After reaching care, TBI patients require urgent medical attention, depending on the severity of injuries. The impact of financial burdens on receiving care manifests as the costs of medications pre- and post-surgery, CT scans, hospital bills, and surgical materials and is exacerbated by the lack of medical resources. A previous study at MNRH found that 5% of TBI patients failed to receive surgery due to infrastructural limitations, 33.6% waited more than four hours to be seen by neurosurgery staff after arrival, and most patients diagnosed with TBI waited for more than a day in the hospital before receiving care due to several financial barriers [21]. The cost of CT scans in Uganda typically ranges from $70 to $132 [22], which can be the average monthly income of a household in Uganda [15]. Catastrophic expenditure is, therefore, likely from imaging alone. A 2010 study by Kushner and colleagues found that district hospitals across many African countries had under-equipped operating rooms and lacked essential medical and surgical supplies [23]. This lack of infrastructure translates to increased financial burden for caretakers and requires them to spend time raising money to cover costs, leading to delays in receiving care. In some instances, caretakers at MNRH are required to pay medical bills, provide certain medical supplies, or undergo tests and scans at other hospitals before physicians can attend to their patients, contributing to delays in receiving care. In order to mitigate such delays, physicians can support caretakers by being more sensitive to and cognizant of these financial challenges and engaging in various strategies to assist caretakers despite these barriers. This could be accomplished through government financial support services or access to good financial advice [7]. There is also a strong need for federal action to provide financial support to caretakers and provide medical resources in public hospitals, especially during the receiving stage of care, to ensure access to quality care for vulnerable populations [24].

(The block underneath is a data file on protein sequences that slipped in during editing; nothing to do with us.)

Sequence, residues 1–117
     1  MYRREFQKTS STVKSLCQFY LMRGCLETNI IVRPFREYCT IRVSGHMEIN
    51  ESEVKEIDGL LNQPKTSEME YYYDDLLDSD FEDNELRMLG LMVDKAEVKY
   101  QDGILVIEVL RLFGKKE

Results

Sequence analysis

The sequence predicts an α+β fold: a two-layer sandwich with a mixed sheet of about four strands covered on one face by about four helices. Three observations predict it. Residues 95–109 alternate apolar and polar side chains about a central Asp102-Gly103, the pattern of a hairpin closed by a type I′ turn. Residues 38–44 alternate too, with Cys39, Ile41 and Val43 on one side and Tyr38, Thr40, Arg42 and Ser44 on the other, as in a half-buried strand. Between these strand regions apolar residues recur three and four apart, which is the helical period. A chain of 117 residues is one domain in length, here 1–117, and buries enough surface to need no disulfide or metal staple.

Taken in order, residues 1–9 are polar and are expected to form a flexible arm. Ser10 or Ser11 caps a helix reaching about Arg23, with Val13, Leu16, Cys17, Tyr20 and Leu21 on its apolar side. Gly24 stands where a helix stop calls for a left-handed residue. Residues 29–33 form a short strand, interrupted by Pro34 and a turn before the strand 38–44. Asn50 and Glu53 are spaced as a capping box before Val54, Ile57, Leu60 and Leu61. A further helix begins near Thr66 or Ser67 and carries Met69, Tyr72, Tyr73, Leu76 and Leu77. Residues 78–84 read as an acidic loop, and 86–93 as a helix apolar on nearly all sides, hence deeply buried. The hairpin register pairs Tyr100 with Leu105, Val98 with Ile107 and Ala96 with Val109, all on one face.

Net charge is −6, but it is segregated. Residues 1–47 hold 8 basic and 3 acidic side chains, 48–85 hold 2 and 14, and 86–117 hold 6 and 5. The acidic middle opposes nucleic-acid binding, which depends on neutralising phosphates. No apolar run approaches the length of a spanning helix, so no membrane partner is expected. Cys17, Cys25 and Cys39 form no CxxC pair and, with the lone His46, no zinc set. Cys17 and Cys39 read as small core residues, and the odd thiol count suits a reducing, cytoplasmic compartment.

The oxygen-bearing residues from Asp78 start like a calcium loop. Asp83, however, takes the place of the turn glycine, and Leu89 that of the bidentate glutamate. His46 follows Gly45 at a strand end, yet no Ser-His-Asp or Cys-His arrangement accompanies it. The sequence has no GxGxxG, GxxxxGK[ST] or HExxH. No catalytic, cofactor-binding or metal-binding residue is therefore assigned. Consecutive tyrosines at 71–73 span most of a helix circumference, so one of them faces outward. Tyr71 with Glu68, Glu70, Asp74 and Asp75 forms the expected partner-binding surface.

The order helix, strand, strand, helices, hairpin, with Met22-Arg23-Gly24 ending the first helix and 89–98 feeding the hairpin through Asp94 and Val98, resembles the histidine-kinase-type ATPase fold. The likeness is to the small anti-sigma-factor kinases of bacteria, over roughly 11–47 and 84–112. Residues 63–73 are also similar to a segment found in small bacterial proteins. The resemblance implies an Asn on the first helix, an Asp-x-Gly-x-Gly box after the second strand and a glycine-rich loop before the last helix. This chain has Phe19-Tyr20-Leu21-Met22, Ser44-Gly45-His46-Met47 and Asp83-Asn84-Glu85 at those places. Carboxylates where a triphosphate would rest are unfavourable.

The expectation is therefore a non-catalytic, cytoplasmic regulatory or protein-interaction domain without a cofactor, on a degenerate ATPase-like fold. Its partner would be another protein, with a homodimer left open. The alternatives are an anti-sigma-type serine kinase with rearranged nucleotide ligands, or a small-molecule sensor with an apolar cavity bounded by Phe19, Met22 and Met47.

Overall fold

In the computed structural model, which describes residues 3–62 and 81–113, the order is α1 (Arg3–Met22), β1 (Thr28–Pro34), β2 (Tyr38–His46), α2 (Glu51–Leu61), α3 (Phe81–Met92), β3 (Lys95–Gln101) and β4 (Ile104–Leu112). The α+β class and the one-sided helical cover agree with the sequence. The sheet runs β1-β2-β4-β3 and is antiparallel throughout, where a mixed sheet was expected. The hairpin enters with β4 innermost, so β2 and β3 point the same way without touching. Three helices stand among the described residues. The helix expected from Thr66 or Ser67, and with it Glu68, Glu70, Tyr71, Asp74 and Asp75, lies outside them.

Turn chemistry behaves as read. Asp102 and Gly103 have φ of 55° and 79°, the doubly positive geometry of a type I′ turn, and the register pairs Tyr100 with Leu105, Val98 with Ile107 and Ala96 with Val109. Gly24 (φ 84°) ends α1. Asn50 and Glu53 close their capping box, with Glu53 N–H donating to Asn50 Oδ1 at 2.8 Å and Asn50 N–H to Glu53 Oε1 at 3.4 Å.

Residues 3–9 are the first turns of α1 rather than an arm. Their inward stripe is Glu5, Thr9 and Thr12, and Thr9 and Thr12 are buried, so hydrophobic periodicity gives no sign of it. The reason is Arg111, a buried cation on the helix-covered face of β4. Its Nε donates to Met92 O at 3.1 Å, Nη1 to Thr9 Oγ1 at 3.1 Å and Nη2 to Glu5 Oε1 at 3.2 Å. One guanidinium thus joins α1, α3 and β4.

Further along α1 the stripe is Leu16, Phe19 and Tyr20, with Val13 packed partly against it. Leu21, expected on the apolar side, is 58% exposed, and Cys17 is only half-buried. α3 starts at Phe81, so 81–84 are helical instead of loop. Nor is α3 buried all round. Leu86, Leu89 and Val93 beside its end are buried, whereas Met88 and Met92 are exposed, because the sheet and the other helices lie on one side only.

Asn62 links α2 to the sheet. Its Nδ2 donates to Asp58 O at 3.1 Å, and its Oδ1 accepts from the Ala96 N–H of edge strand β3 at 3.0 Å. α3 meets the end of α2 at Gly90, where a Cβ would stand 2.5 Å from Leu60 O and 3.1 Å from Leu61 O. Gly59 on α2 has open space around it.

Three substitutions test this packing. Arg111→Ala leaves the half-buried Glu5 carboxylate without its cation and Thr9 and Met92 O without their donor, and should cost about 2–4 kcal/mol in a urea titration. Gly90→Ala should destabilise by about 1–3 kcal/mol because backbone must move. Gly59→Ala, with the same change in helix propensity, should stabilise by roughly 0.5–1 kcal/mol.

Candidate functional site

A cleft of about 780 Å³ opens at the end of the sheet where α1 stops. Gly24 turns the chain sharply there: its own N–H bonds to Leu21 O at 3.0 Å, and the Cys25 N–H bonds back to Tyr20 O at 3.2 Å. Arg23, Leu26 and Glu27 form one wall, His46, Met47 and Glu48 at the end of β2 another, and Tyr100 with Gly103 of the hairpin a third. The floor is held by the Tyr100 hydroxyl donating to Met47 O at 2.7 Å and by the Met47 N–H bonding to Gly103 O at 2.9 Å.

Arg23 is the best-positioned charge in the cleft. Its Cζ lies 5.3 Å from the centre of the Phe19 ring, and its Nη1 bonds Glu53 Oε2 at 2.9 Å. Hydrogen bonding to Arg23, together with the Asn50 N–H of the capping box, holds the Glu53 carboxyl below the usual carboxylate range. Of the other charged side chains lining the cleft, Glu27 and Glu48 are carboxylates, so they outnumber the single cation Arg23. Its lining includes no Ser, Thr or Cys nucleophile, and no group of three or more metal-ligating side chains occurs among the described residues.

Caretakers have expressed that the lack of medical resources within an already complex health system makes reaching and receiving care difficult and exacerbates the impact of financial burdens on caretakers. The most critical resource that increases this delay is the absence of an adequate ambulance system, which forces caretakers to utilize other means of transportation that may be unreliable and increase the risk of poor health outcomes. Patients with transportation barriers also shoulder a greater burden of disease, which may, in part, reflect the relationship between poverty and transportation availability [25]. This relationship is seen in the way the out-of-pocket costs associated with both public and private transportation disproportionately affect low-income caretakers. The amount of time needed to raise money to afford transportation to the hospital was the main reason cited for delays in reaching care. Travel and transportation barriers (e.g., bad roads) lead to poor patient outcomes and increased mortality [25]. About 45% of deaths and 35% of disability-adjusted life-years can be addressed by developing robust emergency care systems in LMICs [26]. Consequently, government support of caretakers can involve strengthening health systems by providing emergency medical resources and cheaper means of reaching care and implementing national programs and policies to improve health literacy [8].